Roosevelt Junior High Students Hold Protest in Pursuit to Change Dress Code


A group of primarily 8th grade students from Roosevelt Junior High School are making their voices heard with the motto, “Educate Us, Don’t Judge Us.” The group held a silent peaceful protest Monday morning before school outside Roosevelt Junior High, some wearing Union High colors of yellow and black to represent their request that the junior high dress code policy be changed to match the high school. The issue boiled over recently when one of the students involved says she was not allowed to take her Sage Test because of the pants she was wearing that are in the popular distressed style. After doing some research, the student and others who agreed with her decided that even with the school year winding down, they wanted to pursue changes in the dress code in order to help the younger students who will still be at the junior high. The current dress code states that “Neither ‘grubby’ nor mutilated clothing is acceptable.”  The students state in their announcement that this wording is used to shame students as the adults interpret it in “whatever way fits them best” and that some are using the dress code to “bully students.” Duchesne County School District Student Services Director Scott Forsyth says these students are approaching this in the right way. “I have no issue with students protesting and sharing their opinion on things,” says Forsyth, who says he saw the peaceful protest when dropping his own child off to school. “This is their school and we want them to have a voice in their school. They are bringing it before the Community Council which is the proper place to begin with a concern like this.” If the Community Council decides a change to the dress code is appropriate then it will be taken to the school board for approval. In addition to asking that the junior high dress code match the high school, the students are proposing that the  acceptable length to see skin on the leg should be the same length as the sports attire used in athletics.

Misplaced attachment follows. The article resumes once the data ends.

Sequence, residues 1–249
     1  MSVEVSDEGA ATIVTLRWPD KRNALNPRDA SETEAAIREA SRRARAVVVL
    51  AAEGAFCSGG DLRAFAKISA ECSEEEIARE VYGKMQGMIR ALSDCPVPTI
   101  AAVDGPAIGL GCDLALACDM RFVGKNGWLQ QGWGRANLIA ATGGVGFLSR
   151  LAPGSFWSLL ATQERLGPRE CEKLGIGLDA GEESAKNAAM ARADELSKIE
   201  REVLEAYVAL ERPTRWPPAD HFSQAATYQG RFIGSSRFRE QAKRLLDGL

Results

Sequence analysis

Kristin Baldwin

Kristin never planned to work in news radio but has thoroughly enjoyed being part of the news team at KVEL. Her love of literature and writing developed in high school which led her to study English Literature and Technical Writing at BYU. She received her BA in English from BYU in 2005 and studied at UVU in Orem for 2 semesters to become a Certified Technical Writer in 2006. Two months after completion she began her dream job of being a stay-at-home mom.  As mother of 2 energetic kids, she began writing from home for the KVEL news team in 2011 and considers it the perfect fit as a full time mom and part time writer.